Wetland-obligate marsh birds are a group of birds that are associated with complex vegetated habitat interspersed with open water that provides protection from predators and space to forage. Unfortunately, marsh bird populations are experiencing declines worldwide, and these are believed to be driven by wetland lossand degradation, something that is characteristic to the heavily altered landscape of Illinois. Illinois originally had an estimated 8.9 million acres of poorly drained hydric soil, however by the 1980s, 90% of this wetland acreage was lost due to drainage for agricultural expansion and urbanization. Proper management of the remaining wetland habitat is believed to be the solution for mitigating further marsh bird losses. Emiquon Preserve manages their wetland habitat through water-level drawdowns that mimic natural floodplain pulses. These drawdowns are beneficial for a variety of wetland species, but there are concerns they may be increasing predation risk at marsh bird nests because the drawdowns are initiated after marsh birds have begun nesting. Knowledge on the effects of water-level manipulation for nesting marsh birds is limited, and we are particularly interested in learning more about the effects water drawdowns have on nest success and predator access to nests. In 2020, we searched suitable habitats (hemi-marsh, dense emergent) and located marsh bird nests (Least Bittern, Common Gallinule, American Coot, Black-crowned Night-Heron) (n=88) at varying water depths. We set up continuously recording cameras at a subset of nests (n=52) to record predators at the nests and we revisited the nests throughout the season to document their fate. We found that nests in shallow water and closer to the water’sedge faced an increased risk of predation by mammals, and intense dewatering as prescribed by moist soil management may be exacerbating predation risk at marsh bird nests.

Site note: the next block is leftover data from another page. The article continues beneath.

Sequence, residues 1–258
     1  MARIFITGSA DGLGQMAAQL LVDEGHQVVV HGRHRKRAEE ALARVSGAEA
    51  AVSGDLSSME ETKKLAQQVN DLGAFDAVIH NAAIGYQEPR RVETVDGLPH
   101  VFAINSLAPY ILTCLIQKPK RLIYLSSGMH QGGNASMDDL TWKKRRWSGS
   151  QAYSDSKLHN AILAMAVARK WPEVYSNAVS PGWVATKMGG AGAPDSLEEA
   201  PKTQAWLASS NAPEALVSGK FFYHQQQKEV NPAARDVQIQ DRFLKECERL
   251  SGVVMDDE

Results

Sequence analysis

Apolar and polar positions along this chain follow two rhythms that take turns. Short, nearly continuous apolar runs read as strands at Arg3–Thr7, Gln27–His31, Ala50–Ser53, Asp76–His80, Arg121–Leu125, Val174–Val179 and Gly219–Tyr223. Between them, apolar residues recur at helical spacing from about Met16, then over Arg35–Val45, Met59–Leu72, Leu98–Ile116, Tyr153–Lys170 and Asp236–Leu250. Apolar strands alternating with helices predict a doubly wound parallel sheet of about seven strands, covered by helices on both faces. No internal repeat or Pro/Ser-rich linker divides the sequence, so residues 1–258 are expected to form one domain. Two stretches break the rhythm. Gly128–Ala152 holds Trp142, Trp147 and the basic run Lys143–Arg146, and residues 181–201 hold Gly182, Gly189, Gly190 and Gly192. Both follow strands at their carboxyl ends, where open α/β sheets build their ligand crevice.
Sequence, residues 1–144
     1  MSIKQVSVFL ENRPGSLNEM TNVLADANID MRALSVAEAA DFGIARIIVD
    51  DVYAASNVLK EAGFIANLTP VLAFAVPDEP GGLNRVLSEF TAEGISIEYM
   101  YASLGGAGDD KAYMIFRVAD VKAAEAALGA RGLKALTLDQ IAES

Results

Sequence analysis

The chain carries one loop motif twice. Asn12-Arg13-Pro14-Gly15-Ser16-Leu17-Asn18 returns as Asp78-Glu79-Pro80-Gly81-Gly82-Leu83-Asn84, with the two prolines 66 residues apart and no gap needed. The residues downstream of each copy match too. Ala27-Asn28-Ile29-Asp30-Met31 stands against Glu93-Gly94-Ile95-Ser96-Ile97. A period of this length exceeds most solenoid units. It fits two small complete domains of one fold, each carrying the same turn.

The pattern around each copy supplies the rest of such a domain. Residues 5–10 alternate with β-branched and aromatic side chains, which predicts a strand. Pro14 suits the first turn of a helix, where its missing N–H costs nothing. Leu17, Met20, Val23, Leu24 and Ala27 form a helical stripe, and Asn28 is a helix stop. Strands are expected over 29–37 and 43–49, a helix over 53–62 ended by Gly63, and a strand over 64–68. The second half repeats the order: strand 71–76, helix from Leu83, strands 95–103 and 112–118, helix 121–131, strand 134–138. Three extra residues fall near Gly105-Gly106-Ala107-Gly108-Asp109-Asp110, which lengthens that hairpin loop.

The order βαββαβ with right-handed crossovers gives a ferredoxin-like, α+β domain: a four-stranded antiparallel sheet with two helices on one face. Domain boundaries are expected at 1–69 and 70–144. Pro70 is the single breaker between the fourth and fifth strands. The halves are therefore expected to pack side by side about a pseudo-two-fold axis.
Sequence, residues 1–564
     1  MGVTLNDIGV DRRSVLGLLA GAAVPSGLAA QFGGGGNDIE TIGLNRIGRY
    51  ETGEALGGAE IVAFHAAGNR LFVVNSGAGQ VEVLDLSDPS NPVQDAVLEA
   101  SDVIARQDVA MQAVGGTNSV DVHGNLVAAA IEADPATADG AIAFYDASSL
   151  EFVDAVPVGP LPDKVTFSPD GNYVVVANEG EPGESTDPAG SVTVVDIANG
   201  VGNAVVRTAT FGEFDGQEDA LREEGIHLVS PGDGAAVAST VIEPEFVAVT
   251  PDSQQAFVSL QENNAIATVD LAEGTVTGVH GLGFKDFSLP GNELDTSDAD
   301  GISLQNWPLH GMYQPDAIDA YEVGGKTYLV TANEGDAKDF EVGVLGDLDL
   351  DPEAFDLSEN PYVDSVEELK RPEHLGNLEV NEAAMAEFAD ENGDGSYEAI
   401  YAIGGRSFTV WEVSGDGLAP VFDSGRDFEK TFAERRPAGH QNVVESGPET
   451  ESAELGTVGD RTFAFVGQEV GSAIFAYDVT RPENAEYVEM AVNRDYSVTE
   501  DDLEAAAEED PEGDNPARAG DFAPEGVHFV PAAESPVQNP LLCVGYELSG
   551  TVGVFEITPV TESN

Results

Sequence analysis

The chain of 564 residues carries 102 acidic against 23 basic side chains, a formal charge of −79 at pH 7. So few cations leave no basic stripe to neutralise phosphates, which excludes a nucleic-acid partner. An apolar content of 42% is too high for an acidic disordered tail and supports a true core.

|Title of host publication
|15th Annual Emiquon Science Symposium
|Published - 2021